Prime Minister Benjamin Netanyahu's Address at the 2013 Eli Hurvitz Conference Caesarea Forum

On November 6, 2013, Prime Minister Benjamin Netanyahu presented his economic vision to the participants in the Eli Hurvitz Conference on Economy and Society via video. As can be seen below, his five-point plan emphasized developing technology, building infrastructure, cultivating new markets, exercising responsibility, and encouraging competition.

Prime Minister Netaynuahu addresses the 2013 Eli Hurvitz Conference (with English Audio Translation). To view this address in the original Hebrew, visit the VOD Center.

Prime Minister Benjamin Netanyahu opened his address by congratulating Conference Director Yarom Ariav on bringing together thinkers from the public sector, academia, and the business world for the benefit of the Israeli economy.

The Prime Minister asserted that Israel faces more challenges than any country in the world, especially in the realm of security. He then stated that the only way that Israel can fund its security expenditures, which are increasingly connected with technological expenditures, is by economic growth, not by increased taxation or by receiving increased funding from others. According to Netanyahu, a growing economy is vital for the collective security of the State of Israel. He stressed that a growth rate of 4–5% at a higher level of per capital income is necessary in order to keep Israeli tax rates low.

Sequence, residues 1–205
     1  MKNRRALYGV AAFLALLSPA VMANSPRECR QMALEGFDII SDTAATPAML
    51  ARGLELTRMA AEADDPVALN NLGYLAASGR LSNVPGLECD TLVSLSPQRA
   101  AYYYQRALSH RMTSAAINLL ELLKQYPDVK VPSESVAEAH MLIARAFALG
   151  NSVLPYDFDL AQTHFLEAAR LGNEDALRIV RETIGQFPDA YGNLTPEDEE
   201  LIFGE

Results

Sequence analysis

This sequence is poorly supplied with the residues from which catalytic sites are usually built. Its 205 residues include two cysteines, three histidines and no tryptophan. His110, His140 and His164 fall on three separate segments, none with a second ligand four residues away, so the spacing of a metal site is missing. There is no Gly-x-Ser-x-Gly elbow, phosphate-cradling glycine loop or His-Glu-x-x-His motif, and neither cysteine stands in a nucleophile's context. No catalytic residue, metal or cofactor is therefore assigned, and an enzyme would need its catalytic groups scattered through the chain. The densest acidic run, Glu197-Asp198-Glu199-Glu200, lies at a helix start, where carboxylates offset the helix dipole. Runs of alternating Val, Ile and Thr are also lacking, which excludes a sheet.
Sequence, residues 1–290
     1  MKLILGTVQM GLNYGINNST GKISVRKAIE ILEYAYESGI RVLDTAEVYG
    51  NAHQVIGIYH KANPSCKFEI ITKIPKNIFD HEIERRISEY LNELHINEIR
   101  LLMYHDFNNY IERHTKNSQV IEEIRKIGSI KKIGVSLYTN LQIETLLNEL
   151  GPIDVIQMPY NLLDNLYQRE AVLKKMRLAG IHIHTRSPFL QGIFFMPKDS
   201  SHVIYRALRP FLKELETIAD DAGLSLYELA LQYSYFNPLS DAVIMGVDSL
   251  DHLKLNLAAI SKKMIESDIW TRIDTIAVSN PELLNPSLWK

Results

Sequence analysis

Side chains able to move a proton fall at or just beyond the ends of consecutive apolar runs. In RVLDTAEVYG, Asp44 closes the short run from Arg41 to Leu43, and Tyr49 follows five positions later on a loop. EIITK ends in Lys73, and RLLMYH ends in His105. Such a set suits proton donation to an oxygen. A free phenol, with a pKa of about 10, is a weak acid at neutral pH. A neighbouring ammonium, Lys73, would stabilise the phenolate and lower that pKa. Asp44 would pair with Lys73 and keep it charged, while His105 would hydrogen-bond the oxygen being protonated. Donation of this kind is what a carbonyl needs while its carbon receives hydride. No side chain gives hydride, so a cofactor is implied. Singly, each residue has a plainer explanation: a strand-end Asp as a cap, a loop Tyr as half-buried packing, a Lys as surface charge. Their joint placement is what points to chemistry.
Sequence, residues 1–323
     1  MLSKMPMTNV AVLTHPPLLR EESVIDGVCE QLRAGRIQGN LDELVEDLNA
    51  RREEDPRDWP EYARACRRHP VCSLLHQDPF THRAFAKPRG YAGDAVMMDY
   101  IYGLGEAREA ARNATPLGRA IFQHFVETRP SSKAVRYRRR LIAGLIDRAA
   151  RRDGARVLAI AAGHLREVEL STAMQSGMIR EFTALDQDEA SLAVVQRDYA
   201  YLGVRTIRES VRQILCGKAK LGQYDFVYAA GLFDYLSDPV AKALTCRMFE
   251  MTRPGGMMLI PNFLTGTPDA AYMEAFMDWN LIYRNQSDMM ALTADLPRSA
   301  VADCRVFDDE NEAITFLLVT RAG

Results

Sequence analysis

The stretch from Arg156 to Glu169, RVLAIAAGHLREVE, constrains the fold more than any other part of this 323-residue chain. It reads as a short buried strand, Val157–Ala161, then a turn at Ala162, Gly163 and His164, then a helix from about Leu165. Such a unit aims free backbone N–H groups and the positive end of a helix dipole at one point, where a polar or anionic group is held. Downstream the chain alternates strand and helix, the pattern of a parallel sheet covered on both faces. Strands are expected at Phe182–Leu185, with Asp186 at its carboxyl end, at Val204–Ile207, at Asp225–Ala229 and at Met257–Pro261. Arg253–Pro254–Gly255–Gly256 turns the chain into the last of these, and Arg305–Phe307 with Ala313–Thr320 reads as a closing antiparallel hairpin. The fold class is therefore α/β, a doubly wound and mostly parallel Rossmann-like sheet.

Prime Minister Netanyahu outlined five ways in which Israel should grow its economy in the coming years:

  1. Technology: Israel must leverage technological advantages in the market. The Internet economy is the fastest growing economy. This economy, however, is endangered by the cyber-threat. It is vital to protect transactions and information as much as possible by developing cyber-security, and Israel has unique capabilities in this field. Israel must become a world cyber leader, and steps are being taken in that direction. Be'er Sheva University is becoming a center for cyber development, and this is having significant ramifications for the development of the Negev. A network of fiber optics is also being laid from Kiryat Shmona in the North to Eilat in the South in order to increase Israel's technological abilities.
  2. Infrastructure: Physical infrastructure is essential for moving people and moving goods. Netanyahu's previous government invested 27 billion shekel to create a single transportation system that would unify Israel's roads and railroads. Such a system would connect the country from North to South and would leverage the high cost of land and housing in the Tel Aviv area in order to develop the periphery. It is also necessary to focus on strategic infrastructure and to create a land route as an alternative to the Suez Canal that will enable the secure transfer of goods from Asia to Europe. Although a railroad from Eilat to Ashdod has been accused of being uneconomical, the project should be explored because it will have geopolitical benefits and will facilitate the development of the Negev, the South, and Eilat.